Oxfam reaction to EU progress on fast-track cash for world’s poorest
Today at the UN climate change talks in Durban the European Union as a bloc has reported that it has spent €2.34 billion during 2011 as ‘fast start finance’. This is part of the EU’s €7.2 billion contribution to the $30 billion committed by rich countries in Copenhagen to help poor countries adapt to a changing climate and curb their emissions between 2010-2012.
In response Lies Craeynest, Oxfam’s EU climate change policy advisor, said:
“We welcome that European governments are sticking to their commitment to help poor countries cope with the impact of climate change and develop in a low carbon way, particularly in the context of a very severe financial crisis.
“It is great news that Europe has provided fewer loans, as climate cash must not increase developing countries' debt. But it is shocking that even less money is going to adaptation than last year – the figures released today show that just 30% percent has been used to help developing countries adapt to the impact of climate change. It is now essential for Europe to lead the way in ensuring there is a balance of at least 50% of the funds to adaptation.”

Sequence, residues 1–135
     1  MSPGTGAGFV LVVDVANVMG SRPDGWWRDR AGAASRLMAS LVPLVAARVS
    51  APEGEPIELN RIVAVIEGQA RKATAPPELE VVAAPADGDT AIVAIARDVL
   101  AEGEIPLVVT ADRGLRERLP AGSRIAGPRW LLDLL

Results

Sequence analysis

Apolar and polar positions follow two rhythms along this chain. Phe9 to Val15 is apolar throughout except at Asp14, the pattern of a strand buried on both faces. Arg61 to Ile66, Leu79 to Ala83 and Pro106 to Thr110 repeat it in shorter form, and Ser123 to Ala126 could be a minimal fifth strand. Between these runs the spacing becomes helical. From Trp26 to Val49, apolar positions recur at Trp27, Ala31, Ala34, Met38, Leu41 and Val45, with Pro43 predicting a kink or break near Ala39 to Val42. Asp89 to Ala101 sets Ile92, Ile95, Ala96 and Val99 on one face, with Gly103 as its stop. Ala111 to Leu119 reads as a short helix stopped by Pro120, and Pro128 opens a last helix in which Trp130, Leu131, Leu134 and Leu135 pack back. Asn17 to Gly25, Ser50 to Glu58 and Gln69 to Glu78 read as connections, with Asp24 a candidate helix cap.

“There are still question marks over how much of this fast-track cash is really new money -and not taken from existing aid budgets - which shows the need to agree on new sources of finance like a fair carbon charge on international shipping. Today the global shipping industry joined Oxfam and WWF to push for such a deal here in Durban."